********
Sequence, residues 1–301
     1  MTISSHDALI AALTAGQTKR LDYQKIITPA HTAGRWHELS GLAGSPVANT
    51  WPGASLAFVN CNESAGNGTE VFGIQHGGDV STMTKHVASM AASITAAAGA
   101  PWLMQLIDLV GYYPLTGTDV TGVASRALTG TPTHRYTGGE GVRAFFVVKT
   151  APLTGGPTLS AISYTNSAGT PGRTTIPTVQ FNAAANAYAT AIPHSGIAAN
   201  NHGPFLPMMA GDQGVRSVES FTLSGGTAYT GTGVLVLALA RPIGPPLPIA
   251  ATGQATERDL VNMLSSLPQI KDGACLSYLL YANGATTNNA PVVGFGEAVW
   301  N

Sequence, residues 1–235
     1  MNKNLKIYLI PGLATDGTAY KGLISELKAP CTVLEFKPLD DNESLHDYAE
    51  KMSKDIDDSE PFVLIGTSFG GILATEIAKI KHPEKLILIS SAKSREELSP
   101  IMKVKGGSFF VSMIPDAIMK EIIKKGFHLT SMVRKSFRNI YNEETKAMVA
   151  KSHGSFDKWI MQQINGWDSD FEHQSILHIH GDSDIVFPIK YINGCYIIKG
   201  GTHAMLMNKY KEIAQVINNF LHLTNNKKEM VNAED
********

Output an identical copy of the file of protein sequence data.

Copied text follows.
Sequence, residues 1–301
     1  MTISSHDALI AALTAGQTKR LDYQKIITPA HTAGRWHELS GLAGSPVANT
    51  WPGASLAFVN CNESAGNGTE VFGIQHGGDV STMTKHVASM AASITAAAGA
   101  PWLMQLIDLV GYYPLTGTDV TGVASRALTG TPTHRYTGGE GVRAFFVVKT
   151  APLTGGPTLS AISYTNSAGT PGRTTIPTVQ FNAAANAYAT AIPHSGIAAN
   201  NHGPFLPMMA GDQGVRSVES FTLSGGTAYT GTGVLVLALA RPIGPPLPIA
   251  ATGQATERDL VNMLSSLPQI KDGACLSYLL YANGATTNNA PVVGFGEAVW
   301  N

Sequence, residues 1–235
     1  MNKNLKIYLI PGLATDGTAY KGLISELKAP CTVLEFKPLD DNESLHDYAE
    51  KMSKDIDDSE PFVLIGTSFG GILATEIAKI KHPEKLILIS SAKSREELSP
   101  IMKVKGGSFF VSMIPDAIMK EIIKKGFHLT SMVRKSFRNI YNEETKAMVA
   151  KSHGSFDKWI MQQINGWDSD FEHQSILHIH GDSDIVFPIK YINGCYIIKG
   201  GTHAMLMNKY KEIAQVINNF LHLTNNKKEM VNAED